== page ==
Tips for Property Owners to Negotiate a Lease on Manufacturing Real Estate

As a commercial property owner, you have a slight upper hand over a tenant who wants to lease your space. It’s a supply and demand issue; the prospective tenant needs somewhere to operate its business, and you have the real estate to meet that demand.

However, a misstep during lease negotiations and that advantage you held could be rendered moot. Whether you’re dealing with a clothing retailer, restaurant or a manufacturing real estate tenant it’s important to look out for any part of the lease that could swing the agreement out of your favor.

There is no reason this has to happen to you as a property owner. Here are a few tips to consider when you negotiate your next commercial property lease with a manufacturing real estate tenant or any other industry, given from years of experience negotiating commercial real estate in Frederick, MD.

Thoroughly review the tenant’s financial records.

Sure, this seems like common sense. You want to make sure whoever lease your property to is in good financial standing to they are able to pay you when their rent is due. It’s especially important, however, to take a closer look when working with a manufacturing real estate tenant. There’s a good chance that their cash flow is dependent on how much of what they manufacture they are selling.

Are there a lot of ebbs and flows in their financial statements? Do they consistently generate a profit throughout the year or are there “big months” when most of their revenue is generated? If you know this information before you get to the negotiating table, you can set up the terms so you’re always getting your payment regardless of how well a manufacturer is doing at any point of the year.

Be clear that the premises come ‘as is.’

Or list exactly what repairs you will make before the tenant takes the space. When dealing with a manufacturing real estate tenant, or any tenant for that matter, there should be a stipulation in the lease explaining the occupant will accept the premises at it comes. Or there should be a mutual agreement between you and the tenant about how much you’re responsible for before the lease begins. This part of the negotiation is important because it will save you from the tenant coming to you with complaints later, which you could be on the hook paying for without that, “as is” stipulation in the lease.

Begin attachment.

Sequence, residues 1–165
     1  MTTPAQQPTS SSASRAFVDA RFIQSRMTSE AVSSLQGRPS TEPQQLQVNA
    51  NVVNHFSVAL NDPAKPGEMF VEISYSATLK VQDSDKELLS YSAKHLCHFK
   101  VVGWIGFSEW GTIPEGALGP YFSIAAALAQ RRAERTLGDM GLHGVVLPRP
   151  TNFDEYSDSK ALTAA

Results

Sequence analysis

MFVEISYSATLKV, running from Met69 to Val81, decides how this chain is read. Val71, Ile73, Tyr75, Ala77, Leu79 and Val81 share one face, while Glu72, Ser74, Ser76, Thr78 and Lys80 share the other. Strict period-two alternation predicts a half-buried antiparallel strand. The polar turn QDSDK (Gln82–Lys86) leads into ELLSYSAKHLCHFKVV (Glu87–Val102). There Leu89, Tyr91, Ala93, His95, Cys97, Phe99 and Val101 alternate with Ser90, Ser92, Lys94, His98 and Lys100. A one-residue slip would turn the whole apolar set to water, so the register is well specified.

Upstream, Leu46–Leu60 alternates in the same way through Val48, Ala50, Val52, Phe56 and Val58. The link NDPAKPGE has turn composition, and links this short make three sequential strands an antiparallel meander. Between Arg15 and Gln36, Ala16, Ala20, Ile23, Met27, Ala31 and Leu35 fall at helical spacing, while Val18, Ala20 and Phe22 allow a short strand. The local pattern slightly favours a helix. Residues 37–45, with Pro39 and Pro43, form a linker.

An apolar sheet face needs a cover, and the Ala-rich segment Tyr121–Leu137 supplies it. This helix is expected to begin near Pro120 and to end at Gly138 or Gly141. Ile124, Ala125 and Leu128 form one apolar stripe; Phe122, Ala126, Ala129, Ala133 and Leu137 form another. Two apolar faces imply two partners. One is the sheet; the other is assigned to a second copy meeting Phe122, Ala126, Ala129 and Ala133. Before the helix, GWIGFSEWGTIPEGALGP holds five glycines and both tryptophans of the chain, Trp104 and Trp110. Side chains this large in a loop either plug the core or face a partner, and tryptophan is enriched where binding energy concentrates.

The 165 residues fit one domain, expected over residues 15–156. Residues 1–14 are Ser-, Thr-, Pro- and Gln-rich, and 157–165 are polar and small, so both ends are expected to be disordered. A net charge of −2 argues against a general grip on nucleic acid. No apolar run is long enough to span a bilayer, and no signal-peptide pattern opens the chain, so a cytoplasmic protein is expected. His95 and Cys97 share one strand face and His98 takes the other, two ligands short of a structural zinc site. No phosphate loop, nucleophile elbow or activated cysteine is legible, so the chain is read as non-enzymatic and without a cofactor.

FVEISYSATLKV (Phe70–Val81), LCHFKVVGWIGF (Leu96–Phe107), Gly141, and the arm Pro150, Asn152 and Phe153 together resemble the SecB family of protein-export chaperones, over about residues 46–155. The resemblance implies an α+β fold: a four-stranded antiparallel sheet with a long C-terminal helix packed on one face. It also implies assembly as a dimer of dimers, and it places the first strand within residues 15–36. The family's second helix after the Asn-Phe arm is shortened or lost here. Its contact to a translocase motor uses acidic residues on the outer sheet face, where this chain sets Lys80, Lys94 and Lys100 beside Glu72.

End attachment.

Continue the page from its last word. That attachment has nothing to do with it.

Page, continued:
Work toward a long-term lease if possible. 

Finding the right tenant can be difficult. Once you finally do, ideally, you want them to stick around for a while. Not only will it save you the time of having to search for a new tenant, but you’ll also avoid the expense of re-leasing your property and you have peace of mind knowing you’ll have a consistent revenue stream from the rental for as many years as you and the tenant agree to.

Since a long-term lease works more in favor for you than it does for the tenant, you might have to make some concessions in order for them to agree to a long-term commitment. It’s worth it the long run though because that space will be occupied for a long time. The type of tenant leasing the space could dictate how long they’ll want to stay there, but a manufacturing real estate tenant is a decent bet to stick around because of all of the equipment and parts they’ll most likely have on the premises.

Do your homework.

It’s likely that you are not the only property your prospective tenant will be looking at. With that in mind, do a little research, too. When a prospect reaches out to you about leasing your space, take a look at similar properties in the area and see how much they are charging for rent. This is not to say that you have to lowball your price or mirror anyone else’s, but this research will put you in a place of strength when negotiating terms because you’ll be within the ballpark of other commercial properties in your area.

Include protective provisions.

In a perfect world, your tenant would pay on time every month for the life of the lease you agreed upon. That is not always the case of course, so when it comes time to negotiate a lease, there’s nothing wrong with asking for some insurance in the case of non-payment. Think about a manufacturing real estate tenant for example; what if their product stops selling and suddenly they are behind on their rent payments?

If you have any reservations about a tenant’s financial strength, ask the tenant for a security deposit before they move in; perhaps one to two months rent. This way, if the tenant defaults on a payment, you can put the security deposit towards that month and the tenant would then have to pay back the deposit. Another stipulation to discuss up front is in the event a tenant has to file for bankruptcy.

Next Steps for Owners of Manufacturing Commercial Real Estate in Frederick, MD

Yes, as a property owner, you are holding most of the cards during a lease negotiation. That does not mean you will win every hand. If you bring these tips to the table however, there’s a good chance you’ll feel good about the lease you agree to once the papers have been signed.

There is an abundance of content available online dedicated to educating tenants on commercial lease negotiations; there is somewhat less content around how property owners should negotiate a lease. But, for property owners and tenants, negotiating a lease is incredibly important.

If you want to ensure success, get in touch with us. We have the years of experience negotiating manufacturing commercial real estate in Frederick, MD to facilitate a winning situation for you and your tenants.